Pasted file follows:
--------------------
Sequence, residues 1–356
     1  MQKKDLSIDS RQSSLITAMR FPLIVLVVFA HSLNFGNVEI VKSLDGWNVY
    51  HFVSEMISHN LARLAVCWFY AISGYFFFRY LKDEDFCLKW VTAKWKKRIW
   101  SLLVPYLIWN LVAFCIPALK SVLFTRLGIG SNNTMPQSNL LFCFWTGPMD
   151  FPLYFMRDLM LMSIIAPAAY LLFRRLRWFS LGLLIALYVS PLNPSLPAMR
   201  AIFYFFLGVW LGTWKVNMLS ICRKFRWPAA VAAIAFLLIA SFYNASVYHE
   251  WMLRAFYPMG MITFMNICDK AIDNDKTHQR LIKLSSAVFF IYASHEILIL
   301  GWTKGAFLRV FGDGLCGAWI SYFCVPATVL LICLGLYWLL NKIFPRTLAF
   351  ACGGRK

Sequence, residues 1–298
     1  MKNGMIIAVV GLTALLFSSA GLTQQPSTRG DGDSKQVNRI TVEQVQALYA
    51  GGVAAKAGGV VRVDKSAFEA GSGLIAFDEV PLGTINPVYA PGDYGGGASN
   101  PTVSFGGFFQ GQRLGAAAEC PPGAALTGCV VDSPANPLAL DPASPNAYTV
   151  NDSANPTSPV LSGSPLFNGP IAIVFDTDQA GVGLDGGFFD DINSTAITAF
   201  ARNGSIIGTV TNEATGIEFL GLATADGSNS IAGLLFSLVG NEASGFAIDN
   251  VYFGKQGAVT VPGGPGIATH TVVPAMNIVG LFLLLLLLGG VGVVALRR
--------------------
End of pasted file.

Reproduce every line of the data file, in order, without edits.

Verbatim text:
Sequence, residues 1–356
     1  MQKKDLSIDS RQSSLITAMR FPLIVLVVFA HSLNFGNVEI VKSLDGWNVY
    51  HFVSEMISHN LARLAVCWFY AISGYFFFRY LKDEDFCLKW VTAKWKKRIW
   101  SLLVPYLIWN LVAFCIPALK SVLFTRLGIG SNNTMPQSNL LFCFWTGPMD
   151  FPLYFMRDLM LMSIIAPAAY LLFRRLRWFS LGLLIALYVS PLNPSLPAMR
   201  AIFYFFLGVW LGTWKVNMLS ICRKFRWPAA VAAIAFLLIA SFYNASVYHE
   251  WMLRAFYPMG MITFMNICDK AIDNDKTHQR LIKLSSAVFF IYASHEILIL
   301  GWTKGAFLRV FGDGLCGAWI SYFCVPATVL LICLGLYWLL NKIFPRTLAF
   351  ACGGRK

Sequence, residues 1–298
     1  MKNGMIIAVV GLTALLFSSA GLTQQPSTRG DGDSKQVNRI TVEQVQALYA
    51  GGVAAKAGGV VRVDKSAFEA GSGLIAFDEV PLGTINPVYA PGDYGGGASN
   101  PTVSFGGFFQ GQRLGAAAEC PPGAALTGCV VDSPANPLAL DPASPNAYTV
   151  NDSANPTSPV LSGSPLFNGP IAIVFDTDQA GVGLDGGFFD DINSTAITAF
   201  ARNGSIIGTV TNEATGIEFL GLATADGSNS IAGLLFSLVG NEASGFAIDN
   251  VYFGKQGAVT VPGGPGIATH TVVPAMNIVG LFLLLLLLGG VGVVALRR